The ones that do survive reveal a vulnerable young woman, desperate to cope with illness and difficult relationships, a loving friend, but also bossy, neurotic and occasionally cruel. Most interesting are Katherine’s letters to the man she chose as a soul-mate, the damaged, emotionally unstable, John Middleton Murry. Katherine pulls no punches as their relationship staggers from crisis to crisis. She needs, and demands,  to be loved passionately and – as her TB advances –  cared for with thoughtful dedication, but Middleton Murry can do neither.  His attempts to do so make poignant reading in his own journals and letters.
Katherine Mansfield’s private papers – the journals and letters never intended for publication – contain some of her finest writing including this meditation on death and the beauty of the world she is about to leave, written in France after a doctor’s visit.
‘And yet one has these “glimpses” before which all that one has ever written (what has one written?) all (yes, all) that one has ever read, pales ….  The waves, as I drove home this afternoon – and the high foam, how it was suspended in the air before it fell …. What is it that happens in that moment of suspension?  It is timeless.  In that moment (what do I mean?) The whole life of the soul is contained.  One is flung up – out of life – one is “held” – and then, down, bright, broken, glittering on to the rocks, tossed back – part of the ebb and flow.’ 

It was also journals and letters that hooked me into writing A Passionate Sisterhood, an account of the lives of the women of the Wordsworth, Coleridge and Southey families – the English Lake District’s poetic triumvirate. I went to the Wordsworth Trust at Dove Cottage to research a piece on Wordsworth’s sister Dorothy for a radio programme and found boxes and boxes of letters and diaries – many of which were unpublished – not just Dorothy’s, but also relating to the poet’s wife Mary Wordsworth and their daughter Dora. Research found many more letters and journals in American archives relating to the Coleridge family. Put together, they told a different story to the much publicised ‘LakePoets’ idyll’. The women wrote about walking miles in the rain to collect a letter, standing in cold kitchens cooking spartan meals, wrestling with wet washing in muddy, windy gardens, the agonies of toothache, the deaths of children, the failure of love.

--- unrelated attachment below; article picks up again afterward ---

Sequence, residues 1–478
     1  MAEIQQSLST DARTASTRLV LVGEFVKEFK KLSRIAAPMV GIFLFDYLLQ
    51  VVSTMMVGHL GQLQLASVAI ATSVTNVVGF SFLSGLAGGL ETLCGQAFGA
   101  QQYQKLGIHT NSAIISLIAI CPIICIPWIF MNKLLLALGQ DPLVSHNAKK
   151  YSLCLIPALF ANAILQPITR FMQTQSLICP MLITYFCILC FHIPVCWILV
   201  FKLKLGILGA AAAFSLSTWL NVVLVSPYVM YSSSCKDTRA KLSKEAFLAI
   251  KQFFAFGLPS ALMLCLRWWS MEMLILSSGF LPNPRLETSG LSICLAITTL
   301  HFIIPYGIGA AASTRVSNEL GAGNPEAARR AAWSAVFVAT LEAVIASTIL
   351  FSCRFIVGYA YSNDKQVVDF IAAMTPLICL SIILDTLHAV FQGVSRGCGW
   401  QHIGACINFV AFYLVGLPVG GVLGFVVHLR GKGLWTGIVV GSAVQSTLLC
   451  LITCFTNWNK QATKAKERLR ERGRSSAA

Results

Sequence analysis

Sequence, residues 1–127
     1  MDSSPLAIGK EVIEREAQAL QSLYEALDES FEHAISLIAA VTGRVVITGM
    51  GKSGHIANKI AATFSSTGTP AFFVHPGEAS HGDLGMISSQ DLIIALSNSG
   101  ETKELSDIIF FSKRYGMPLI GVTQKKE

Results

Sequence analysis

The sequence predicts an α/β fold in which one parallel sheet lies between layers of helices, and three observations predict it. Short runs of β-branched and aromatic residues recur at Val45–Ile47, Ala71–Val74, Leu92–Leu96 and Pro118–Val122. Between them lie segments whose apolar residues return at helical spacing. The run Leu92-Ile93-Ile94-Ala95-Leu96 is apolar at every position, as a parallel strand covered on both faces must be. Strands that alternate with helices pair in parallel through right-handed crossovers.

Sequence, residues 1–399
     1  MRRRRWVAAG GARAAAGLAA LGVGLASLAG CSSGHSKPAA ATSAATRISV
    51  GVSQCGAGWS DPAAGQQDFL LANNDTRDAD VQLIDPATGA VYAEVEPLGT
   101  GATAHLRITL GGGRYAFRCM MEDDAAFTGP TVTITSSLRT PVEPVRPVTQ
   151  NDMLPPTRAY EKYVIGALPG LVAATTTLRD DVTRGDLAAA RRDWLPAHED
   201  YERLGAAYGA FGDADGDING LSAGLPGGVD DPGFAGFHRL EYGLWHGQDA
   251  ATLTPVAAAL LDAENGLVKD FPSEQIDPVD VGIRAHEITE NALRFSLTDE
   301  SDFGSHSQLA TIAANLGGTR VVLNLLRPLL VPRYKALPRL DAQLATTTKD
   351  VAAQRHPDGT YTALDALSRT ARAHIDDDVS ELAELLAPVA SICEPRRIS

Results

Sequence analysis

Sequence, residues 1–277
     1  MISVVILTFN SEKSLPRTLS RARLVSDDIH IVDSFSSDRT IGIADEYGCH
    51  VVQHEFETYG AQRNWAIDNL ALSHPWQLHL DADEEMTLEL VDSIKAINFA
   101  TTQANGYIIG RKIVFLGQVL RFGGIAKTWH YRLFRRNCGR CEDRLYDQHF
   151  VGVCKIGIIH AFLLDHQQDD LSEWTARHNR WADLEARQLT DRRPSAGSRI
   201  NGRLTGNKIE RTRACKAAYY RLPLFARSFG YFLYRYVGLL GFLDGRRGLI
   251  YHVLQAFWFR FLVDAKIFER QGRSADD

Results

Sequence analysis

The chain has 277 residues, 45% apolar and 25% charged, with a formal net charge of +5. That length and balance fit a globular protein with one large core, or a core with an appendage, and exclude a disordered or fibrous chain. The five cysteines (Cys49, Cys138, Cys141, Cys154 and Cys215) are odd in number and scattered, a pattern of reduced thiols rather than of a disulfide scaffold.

The personal, familial details overlooked in the literary biographies of their brothers and husbands gave a domestic context for the poets’ work that I felt was important, but it also revealed that their wives, sisters and daughters had often been gifted writers in their own right. Dorothy Wordsworth’s journals and letters have long been given literary recognition, but what of the journals of Mary Wordsworth? And her contributions to William’s poetry? Who knew that their daughter Dora had been a published author and talented artist? Coleridge’s daughter Sara wrote several books of her own,  spent many years editing her father’s work, and also engaged in literary journalism to support her family after her husband died prematurely.  She wrote an unfinished autobiography, and left behind a collection of wonderful letters.